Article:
Birmingham Chosen for Project on Talking Across the Political Divide


Dave Isay. Source: Story Corps

About the only agreement between Democrats and Republicans these days is that their opposite number is evil.

 At least that is the impression one gets in the aggregate. But what about one-on-one? Can you face a political adversary and explain what you feel, how you feel and why you feel that way? And engage in a dialogue in which you also listen to the other party’s feelings and opinions?

 Dave Isay would like for you to take that challenge.


 Just go to:

Story Corps, Isay’s nonprofit organization devoted to bringing people together, will match you up across the political divide, and your exchange of viewpoints will be recorded — with one copy of it residing forever in the Library of Congress.

Vituperative, obscene putdowns probably won’t come so readily as they do on Facebook or Twitter, Isay is betting. And he is hoping that people actually listen to each other.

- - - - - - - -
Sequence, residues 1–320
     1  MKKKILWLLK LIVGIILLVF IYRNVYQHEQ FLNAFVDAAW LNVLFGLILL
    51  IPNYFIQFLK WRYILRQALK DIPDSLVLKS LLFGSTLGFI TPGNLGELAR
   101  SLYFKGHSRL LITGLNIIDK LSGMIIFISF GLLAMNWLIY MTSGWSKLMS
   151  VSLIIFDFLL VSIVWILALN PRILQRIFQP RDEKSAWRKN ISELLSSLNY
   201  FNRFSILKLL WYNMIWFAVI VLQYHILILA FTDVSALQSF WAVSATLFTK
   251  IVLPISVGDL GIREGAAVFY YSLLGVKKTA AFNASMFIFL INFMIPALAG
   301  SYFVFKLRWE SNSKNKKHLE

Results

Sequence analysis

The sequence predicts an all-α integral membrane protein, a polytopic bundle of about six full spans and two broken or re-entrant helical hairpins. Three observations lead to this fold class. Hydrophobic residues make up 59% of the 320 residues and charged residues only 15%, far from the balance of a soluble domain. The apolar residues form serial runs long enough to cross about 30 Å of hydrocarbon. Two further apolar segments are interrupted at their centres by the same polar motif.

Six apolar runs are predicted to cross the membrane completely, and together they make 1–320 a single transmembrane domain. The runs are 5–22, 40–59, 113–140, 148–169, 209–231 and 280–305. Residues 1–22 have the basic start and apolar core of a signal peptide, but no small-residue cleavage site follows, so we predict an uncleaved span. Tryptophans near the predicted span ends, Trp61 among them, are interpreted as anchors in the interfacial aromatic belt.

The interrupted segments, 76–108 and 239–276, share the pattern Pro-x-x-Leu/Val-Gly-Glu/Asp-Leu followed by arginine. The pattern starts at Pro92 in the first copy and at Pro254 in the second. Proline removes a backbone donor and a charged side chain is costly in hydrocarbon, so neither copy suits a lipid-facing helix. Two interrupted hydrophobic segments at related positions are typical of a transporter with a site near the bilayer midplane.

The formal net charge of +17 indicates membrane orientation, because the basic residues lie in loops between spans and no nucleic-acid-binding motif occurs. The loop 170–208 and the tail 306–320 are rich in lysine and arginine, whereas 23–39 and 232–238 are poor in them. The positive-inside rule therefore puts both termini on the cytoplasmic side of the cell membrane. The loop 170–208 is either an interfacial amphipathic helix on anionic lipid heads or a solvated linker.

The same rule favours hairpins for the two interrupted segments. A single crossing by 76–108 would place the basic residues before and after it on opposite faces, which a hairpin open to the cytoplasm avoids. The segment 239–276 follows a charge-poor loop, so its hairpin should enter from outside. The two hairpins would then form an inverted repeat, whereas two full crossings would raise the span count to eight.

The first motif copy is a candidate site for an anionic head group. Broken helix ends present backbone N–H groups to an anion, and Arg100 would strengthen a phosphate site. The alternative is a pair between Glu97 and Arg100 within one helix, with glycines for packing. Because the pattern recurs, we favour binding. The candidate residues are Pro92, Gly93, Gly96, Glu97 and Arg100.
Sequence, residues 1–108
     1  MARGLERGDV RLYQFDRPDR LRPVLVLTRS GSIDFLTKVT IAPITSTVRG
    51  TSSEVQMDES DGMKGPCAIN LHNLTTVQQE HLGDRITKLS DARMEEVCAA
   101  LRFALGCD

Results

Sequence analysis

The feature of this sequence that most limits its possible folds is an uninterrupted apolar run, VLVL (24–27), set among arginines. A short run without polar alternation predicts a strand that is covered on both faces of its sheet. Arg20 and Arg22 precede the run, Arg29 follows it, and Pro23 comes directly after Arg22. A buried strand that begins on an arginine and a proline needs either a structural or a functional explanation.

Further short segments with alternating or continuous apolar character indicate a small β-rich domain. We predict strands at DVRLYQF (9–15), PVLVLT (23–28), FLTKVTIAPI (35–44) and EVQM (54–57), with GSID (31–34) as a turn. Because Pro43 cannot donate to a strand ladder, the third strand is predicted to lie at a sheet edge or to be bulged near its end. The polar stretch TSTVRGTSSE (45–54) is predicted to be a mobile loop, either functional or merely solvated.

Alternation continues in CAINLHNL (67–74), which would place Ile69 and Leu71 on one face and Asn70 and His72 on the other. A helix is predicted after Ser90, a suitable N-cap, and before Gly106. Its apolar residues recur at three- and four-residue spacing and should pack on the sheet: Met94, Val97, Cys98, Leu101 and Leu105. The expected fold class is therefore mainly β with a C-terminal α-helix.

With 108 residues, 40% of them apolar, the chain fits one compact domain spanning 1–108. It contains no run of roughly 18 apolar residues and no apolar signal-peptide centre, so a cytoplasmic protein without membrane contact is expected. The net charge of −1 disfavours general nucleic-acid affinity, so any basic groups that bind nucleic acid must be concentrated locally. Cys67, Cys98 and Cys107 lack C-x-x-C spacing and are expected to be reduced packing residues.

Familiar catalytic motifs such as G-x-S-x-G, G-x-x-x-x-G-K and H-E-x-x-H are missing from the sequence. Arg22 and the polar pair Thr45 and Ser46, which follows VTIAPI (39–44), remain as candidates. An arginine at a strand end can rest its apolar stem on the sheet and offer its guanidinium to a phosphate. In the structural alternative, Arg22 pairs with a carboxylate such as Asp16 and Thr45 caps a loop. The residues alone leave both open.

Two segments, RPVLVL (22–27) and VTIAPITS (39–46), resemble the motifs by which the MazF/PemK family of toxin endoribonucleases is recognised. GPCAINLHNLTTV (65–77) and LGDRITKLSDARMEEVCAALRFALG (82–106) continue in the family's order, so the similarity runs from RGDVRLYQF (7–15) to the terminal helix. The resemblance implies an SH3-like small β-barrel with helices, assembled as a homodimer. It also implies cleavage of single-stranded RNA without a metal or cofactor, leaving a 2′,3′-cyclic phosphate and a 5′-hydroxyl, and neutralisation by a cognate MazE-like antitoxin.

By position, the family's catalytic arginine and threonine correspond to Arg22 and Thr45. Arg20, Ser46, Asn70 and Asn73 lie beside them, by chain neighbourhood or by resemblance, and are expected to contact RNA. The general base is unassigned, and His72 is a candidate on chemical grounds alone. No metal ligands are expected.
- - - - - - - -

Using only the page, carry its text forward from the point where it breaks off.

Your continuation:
Isay started Story Corps in 2003 with booths all over the country where two people could talk into individual microphones — for example, a grandson and his grandmother — and could ask and answer questions and have their exchange  recorded for permanent preservation.

“More than 650,000 people have participated,” Isay said in an interview from his Brooklyn, N.Y., home. “This is the largest (permanent) collection of human voices. We edit a very small portion for release.”

Those who listen to NPR may have heard those Story Corps recordings on WBHM. Isay, 53, also is a recipient of a MacArthur “Genius” Fellowship grant for his groundbreaking work in broadcasting.

Birmingham and Three Other Cities Picked for Project

Birmingham is one of four cities chosen to be part of this latest Story Corps collection. Wichita, Kansas, is also in the group, with the other two locations yet to be revealed. 

Isay said the new project of bringing together people of differing political persuasions moved onto his radar “a little more than four years ago when it became apparent we weren’t seeing human beings across the great divide.”

The concept arose from a psychological theory, called “contact theory,” he said. Basically, the idea is to “put together ‘them’ and ‘us.’ It is hard to hate up close.”

So, go ahead and accept Isay’s challenge.

And do talk to strangers!